In my opinion, the reaction that the article received last week created an even more unsafe environment for men to come forward and tell their stories. I felt so ashamed as a woman seeing the ridicule that the gentleman received. It is almost as if men shouldn’t speak up when they experience any kind of emotional or physical abuse from their significant others because women have been taking it for years and remained quiet. I hope men don’t take that clap-back and internalize it especially in this era of mental health breakdowns. That they will still be brave and come forward and tell their stories.

    3
  19. We had such a tree growing up. …and the swing… Our tree was also the look out post for folks coming home. I can’t imagine calling our DM anything other than aunty. She became part of the family ages ago(considering I’m on the third floor now)

  20. Sad to hear there is a person this unhappy in his marriage and completely terrified to talk about it. Yet what some of us hope for is to enter this institution with no success in the horizon…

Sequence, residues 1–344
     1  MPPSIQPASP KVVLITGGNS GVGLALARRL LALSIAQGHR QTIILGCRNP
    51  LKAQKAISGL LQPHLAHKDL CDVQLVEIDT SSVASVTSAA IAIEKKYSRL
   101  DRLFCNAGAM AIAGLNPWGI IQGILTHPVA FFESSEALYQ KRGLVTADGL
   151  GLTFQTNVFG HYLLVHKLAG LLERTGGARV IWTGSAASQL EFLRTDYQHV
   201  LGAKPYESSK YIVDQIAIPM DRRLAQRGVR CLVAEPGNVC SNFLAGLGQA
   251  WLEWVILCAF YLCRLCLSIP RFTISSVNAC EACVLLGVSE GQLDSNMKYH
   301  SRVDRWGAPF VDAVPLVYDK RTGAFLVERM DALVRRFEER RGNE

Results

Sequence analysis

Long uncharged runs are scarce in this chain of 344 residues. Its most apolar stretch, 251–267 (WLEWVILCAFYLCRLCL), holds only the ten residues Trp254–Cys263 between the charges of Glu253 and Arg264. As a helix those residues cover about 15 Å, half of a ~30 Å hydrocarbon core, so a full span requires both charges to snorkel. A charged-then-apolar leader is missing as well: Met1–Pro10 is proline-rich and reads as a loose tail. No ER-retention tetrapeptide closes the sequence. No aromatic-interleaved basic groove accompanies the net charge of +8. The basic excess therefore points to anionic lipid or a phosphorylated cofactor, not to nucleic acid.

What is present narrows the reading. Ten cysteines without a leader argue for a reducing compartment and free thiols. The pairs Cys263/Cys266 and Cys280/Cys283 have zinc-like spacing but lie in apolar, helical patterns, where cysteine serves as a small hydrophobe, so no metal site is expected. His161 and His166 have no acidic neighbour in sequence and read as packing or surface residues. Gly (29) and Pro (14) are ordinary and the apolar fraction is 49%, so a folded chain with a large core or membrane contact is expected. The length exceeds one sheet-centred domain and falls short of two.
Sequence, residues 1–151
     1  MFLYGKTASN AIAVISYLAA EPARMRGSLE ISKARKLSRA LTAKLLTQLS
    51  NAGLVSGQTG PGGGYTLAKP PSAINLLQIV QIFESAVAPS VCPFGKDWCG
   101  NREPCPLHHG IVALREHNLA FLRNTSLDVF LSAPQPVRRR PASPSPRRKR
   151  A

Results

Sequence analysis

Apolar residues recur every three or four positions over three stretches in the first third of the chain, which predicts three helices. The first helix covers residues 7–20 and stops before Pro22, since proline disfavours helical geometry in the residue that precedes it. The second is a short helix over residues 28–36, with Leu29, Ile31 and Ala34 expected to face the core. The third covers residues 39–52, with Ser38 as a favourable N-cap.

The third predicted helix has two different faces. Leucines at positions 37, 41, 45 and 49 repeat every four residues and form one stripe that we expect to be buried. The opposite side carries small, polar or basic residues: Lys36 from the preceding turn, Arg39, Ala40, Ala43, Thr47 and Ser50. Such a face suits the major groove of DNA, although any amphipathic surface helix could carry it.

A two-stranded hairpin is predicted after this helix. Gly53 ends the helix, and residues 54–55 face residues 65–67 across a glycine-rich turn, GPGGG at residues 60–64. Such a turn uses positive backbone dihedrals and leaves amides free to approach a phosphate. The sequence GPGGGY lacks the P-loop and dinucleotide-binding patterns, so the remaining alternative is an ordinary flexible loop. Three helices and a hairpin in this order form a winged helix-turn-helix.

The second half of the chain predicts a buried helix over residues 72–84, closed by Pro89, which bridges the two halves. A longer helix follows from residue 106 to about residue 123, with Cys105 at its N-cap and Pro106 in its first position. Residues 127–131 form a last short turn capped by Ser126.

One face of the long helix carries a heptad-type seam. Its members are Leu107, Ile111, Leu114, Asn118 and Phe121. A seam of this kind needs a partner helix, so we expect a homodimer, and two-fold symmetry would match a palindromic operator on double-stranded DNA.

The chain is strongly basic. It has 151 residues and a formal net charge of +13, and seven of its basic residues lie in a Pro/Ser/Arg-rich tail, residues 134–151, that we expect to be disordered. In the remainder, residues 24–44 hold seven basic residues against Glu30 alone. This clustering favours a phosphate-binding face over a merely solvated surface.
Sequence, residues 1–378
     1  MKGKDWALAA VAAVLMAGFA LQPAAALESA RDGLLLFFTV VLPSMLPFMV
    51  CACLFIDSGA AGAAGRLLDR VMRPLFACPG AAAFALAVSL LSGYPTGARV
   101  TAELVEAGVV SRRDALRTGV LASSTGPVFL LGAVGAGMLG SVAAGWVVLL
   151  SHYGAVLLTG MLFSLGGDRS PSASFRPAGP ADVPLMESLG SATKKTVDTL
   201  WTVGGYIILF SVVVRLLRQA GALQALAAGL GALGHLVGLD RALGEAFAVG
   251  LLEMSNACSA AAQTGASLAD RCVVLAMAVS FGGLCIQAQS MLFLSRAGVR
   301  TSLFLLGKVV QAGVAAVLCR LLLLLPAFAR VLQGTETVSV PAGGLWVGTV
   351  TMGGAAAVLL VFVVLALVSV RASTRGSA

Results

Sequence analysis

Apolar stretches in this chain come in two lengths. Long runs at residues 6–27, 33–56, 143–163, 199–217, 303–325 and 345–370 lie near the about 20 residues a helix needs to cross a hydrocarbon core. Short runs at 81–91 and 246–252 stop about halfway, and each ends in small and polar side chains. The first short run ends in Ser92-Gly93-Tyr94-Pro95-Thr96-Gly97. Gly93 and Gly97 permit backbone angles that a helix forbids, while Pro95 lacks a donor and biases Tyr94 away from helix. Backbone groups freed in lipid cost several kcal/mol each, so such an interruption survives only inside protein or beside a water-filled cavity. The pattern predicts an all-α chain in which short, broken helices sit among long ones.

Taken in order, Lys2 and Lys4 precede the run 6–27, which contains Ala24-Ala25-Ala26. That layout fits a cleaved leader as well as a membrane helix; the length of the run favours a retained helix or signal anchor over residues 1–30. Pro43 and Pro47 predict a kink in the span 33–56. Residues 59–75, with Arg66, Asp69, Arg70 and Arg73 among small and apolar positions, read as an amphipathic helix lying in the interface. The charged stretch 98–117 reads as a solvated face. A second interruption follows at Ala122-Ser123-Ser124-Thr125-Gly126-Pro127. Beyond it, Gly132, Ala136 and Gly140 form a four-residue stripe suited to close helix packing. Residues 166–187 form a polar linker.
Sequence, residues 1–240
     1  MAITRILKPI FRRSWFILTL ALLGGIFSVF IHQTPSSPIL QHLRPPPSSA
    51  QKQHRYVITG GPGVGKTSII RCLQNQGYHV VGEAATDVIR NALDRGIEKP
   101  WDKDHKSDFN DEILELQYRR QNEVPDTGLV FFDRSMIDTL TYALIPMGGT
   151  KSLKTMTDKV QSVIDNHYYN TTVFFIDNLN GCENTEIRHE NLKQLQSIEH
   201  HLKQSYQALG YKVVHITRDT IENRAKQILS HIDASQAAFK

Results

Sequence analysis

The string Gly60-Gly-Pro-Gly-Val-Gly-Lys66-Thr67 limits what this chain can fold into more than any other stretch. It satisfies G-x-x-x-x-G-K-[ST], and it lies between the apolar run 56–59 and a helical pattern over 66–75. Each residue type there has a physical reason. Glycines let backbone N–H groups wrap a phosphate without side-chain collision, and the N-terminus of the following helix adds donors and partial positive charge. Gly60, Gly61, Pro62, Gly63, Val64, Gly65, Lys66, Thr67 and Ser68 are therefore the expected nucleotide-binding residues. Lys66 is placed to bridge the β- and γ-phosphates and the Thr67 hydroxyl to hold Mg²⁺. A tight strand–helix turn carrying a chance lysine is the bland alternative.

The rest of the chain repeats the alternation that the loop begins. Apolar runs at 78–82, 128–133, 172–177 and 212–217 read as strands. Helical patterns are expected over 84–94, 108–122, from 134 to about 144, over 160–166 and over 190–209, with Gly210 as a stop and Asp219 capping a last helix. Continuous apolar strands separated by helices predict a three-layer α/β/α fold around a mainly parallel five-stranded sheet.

1
  21. If i had some minutes with the dude, I’d tell him the worst that coukd happen is a separation/divorce, and even that sometimes is a blessing… Jeez when will men start loving themselves!!!

    1. It isnt as easy as it sounds. You will find that such a person has invested alot in that relationship (time mainly) and may not be ready to start all over again; it may also be the kids that keep him there, for their wellbeing.

  22. Heck, slot me in for the missed interview, or maybe not, but I want in, the bonsai and all, not that I have one, but I have a WAKANDA (black cat) in the house.

  23. I got lost, unhappy guy, tree, maid. Maid?

    Tell Bett she has our emails. She should tell us when applications are open again, before you put it up here and applications flood again.

  24. I’ve followed your blog for eons and like that you’re highlighting challenges faced by couples in the marriage institution. But can you also highlight some good stories because there are quite a number too. Unfortunately marriage institution has become the foray for most media (don’t try listen to classic in the morning it’s disgusting). I’m sure your aim is not to stoop to those levels.